None of the studied patients wanted to undergo immediate or delayed symmetrisation, including two little disappointed women. They did not recognise breast asymmetry as a significant problem impairing their self-perception or lowering the quality of life. Nevertheless, the surgical team needs to be prepared to offer such procedures. Overall, we prefer breast reduction and mastopexy using inverted-T technique with superior pedicle, because it allows to eliminate even significant asymmetry including cases with high-grade ptosis. However, in decision-making process, a breast volume, grade of asymmetry, NAC projection, and grade of ptosis should be taken into account.
To our best knowledge, just one series of BSRMP (full-thickness segmental breast resection followed by reconstruction with rotation flap advancement) has been reported. Kim et al. studied 33 patients with lower-half located breast cancer who underwent BSRMP and SLNB (64 %) or AD (36 %). All patients had negative resection margins. In none of the cases, cosmetic result 6 months after surgery was assessed as poor. Cosmesis was good (94 %) to fair (6 %) according to sum of scores of symmetry, breast shape, scarring, and NAC position . Good cosmetic outcomes from this series are in concordance with our study. However, our findings indicate that also patients with lesions located peripherally in upper quadrants (particularly in upper-outer) can be successfully offered this technique.
BSRMP is associated with some disadvantages. Apart from the long incision and the possibility of scar placement in the visible area of decollete, a subsequent mastectomy can be challenging. To use traditional transverse, Stewart incision can be difficult. In our three patients excluded from the analysis because of subsequent mastectomy, it was completed using oblique incision by Orr and Y-shaped incision [26, 27]. These techniques along with the S-shaped approach seem to be reasonable options . However, if the immediate reconstruction is considered, surgical scar following procedures mentioned above can be difficult to hide in the bra, impairing cosmetic outcomes.
For optimal treatment planning, numerous oncoplastic techniques should be considered and individually tailored. For central tumours, we recommend round-block approach , Silverstein’s batwing excision [19, 30], vertical bipedicle technique , or Grisotti flap [32, 33]. Lesions located more peripherally, including patients with pendulous breasts, can be removed using inferior pedicle technique (upper quadrants tumours) with hidden in the bra inverted-T scar  or superior pedicle technique (lower quadrants tumours) with also an inverted-T scar [13, 35] or vertical scar by Lejour and Lassus [36, 37]. Moreover, good cosmetic results in cases of lower quadrants tumours can be achieved with V-mammoplasty (lower-inner) or J-mammoplasty (lower-outer)  as well as with modified McKissock technique (lower inner and outer, ptotic breasts)  or by using a fascio-cutaneous thoracomammary flap (lower pole, small-sized breasts) . However, in our opinion and based on anatomical studies and breast cancer growth pattern, BSRMP can be considered a helpful option in selected cases, such patients with extensive, radially spreading tumours (in particular DCIS or invasive cancers with intraductal component), eccentric lesions, or superficially located cancers when the neighbouring skin is excised or in women not requiring breasts lifting and NAC recentralisation.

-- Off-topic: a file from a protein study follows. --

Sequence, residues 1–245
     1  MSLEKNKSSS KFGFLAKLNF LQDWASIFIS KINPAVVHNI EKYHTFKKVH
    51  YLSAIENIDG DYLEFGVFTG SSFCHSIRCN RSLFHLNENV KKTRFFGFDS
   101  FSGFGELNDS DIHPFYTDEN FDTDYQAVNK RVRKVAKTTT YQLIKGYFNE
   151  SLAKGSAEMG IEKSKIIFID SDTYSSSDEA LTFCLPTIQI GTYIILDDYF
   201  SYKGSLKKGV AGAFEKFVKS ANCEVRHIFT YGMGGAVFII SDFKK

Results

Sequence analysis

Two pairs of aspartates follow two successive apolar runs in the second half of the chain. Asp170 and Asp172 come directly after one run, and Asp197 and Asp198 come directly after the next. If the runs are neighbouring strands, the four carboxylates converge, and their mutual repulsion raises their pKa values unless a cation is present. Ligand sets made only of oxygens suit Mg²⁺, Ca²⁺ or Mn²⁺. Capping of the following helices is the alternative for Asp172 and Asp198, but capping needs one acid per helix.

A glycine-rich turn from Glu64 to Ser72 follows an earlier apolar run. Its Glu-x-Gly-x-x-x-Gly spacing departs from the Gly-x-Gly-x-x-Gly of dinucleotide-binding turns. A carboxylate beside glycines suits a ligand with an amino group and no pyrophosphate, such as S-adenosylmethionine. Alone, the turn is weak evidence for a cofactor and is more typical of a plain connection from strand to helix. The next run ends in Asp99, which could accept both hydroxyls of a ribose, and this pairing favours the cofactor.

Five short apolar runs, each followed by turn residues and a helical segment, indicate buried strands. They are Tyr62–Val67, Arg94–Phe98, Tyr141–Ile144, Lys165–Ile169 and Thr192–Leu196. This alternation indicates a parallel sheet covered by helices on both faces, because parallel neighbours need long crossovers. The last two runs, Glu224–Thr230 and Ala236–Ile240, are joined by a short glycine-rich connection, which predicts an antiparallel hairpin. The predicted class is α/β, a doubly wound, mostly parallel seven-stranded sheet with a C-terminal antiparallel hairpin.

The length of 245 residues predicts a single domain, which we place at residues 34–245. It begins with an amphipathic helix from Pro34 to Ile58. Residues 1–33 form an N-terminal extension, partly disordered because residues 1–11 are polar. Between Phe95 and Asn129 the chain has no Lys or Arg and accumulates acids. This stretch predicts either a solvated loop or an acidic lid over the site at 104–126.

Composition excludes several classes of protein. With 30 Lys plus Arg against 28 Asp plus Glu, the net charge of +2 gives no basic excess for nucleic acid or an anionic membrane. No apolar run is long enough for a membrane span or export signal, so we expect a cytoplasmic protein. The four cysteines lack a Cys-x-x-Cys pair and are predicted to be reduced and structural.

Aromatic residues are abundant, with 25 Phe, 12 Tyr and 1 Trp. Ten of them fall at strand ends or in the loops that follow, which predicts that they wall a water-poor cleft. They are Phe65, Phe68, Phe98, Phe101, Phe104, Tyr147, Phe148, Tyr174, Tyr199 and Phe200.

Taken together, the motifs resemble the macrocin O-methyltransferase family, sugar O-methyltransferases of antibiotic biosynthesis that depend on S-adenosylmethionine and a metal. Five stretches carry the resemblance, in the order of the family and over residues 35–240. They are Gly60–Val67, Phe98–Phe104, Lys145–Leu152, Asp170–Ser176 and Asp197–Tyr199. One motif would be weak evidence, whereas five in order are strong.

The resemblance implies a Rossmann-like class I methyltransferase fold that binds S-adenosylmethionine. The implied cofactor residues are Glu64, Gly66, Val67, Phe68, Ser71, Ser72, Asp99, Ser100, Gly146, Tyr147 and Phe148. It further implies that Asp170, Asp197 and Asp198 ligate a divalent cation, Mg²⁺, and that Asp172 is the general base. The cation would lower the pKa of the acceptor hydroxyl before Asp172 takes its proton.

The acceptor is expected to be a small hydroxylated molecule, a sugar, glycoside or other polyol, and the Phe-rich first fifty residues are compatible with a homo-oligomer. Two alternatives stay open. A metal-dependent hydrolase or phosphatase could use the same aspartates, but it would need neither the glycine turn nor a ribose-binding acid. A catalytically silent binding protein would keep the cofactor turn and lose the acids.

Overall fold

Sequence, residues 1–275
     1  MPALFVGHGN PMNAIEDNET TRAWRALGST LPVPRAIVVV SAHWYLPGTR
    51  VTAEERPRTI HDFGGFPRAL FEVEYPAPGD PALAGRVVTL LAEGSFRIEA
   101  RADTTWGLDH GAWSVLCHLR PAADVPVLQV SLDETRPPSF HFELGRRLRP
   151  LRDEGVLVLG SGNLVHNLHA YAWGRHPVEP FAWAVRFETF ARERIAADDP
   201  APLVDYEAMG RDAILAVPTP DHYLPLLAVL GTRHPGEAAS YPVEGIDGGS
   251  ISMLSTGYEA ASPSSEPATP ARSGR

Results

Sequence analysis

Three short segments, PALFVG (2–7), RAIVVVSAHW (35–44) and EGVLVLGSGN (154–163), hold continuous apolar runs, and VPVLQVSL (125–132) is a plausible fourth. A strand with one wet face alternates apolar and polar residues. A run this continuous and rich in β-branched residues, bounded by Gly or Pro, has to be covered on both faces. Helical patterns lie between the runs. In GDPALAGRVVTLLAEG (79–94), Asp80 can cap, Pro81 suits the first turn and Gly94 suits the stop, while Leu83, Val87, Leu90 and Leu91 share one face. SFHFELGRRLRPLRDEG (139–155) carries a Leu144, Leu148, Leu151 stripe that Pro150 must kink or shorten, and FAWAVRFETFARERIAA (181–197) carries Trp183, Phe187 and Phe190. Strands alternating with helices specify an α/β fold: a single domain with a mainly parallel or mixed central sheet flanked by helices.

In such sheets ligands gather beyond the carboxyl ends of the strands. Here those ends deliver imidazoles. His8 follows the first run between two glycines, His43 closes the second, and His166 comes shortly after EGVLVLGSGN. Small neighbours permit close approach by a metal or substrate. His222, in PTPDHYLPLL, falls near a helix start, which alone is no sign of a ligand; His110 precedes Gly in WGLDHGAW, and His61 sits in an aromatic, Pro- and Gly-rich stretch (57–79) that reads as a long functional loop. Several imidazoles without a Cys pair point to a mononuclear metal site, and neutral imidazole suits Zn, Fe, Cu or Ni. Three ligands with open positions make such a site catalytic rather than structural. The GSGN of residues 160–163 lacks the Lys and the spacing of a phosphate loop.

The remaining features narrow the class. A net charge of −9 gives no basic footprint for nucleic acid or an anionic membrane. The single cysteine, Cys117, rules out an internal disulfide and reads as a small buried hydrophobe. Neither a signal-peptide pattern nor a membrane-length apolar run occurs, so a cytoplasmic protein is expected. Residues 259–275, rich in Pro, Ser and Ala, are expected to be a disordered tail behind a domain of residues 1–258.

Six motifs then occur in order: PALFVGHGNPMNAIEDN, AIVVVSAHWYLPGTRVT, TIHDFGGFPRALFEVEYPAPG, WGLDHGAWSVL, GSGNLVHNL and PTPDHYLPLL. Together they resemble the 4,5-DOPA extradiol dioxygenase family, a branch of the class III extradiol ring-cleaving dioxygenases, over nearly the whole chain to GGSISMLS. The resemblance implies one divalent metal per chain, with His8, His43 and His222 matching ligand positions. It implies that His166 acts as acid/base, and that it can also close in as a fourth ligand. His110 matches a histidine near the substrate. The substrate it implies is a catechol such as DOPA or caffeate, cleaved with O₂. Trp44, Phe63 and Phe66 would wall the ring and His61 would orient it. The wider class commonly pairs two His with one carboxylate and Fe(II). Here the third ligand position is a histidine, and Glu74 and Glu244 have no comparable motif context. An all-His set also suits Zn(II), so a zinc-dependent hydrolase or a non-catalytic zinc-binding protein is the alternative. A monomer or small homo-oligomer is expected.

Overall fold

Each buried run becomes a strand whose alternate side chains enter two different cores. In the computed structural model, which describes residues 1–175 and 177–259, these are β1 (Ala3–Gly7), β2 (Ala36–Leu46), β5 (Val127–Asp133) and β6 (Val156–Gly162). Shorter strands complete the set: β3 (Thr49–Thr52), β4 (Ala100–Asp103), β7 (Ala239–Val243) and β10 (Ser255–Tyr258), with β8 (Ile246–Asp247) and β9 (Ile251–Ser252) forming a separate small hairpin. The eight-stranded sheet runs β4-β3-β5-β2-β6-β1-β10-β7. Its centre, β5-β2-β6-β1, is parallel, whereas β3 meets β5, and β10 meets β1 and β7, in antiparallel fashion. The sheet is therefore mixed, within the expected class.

Our report is just an observational study based on a case series. The median volume of the specimen and the tumour size/specimen volume ratio are not provided. Moreover, no comparison is done, neither to a historical cohort nor to patients treated using other oncoplastic technique. Thus, no statistically significant conclusion can be drawn. Secondly, only short-term cosmetic outcomes have been evaluated. Longer follow-up is needed to assess delayed results, including for example side effects of radiation therapy.
BSRMP seems to be an interesting surgical option for oncoplastic operation of non-centrally located breast cancers with regional distribution, in particular large DCIS or invasive cancers with an extensive intraductal component. This safe and simple technique can also be considered when the breast projection is low or moderate, recentralisation of NAC is not needed, and axillary procedure is planned to be performed at the same time. However, due to its disadvantages as long incision, difficult subsequent mastectomy, or possibility of scar placement in the visible area of decollete, a careful patients selection should be done.
Authors thank Ewa Kowalska for her kind assistance in data collecting and management.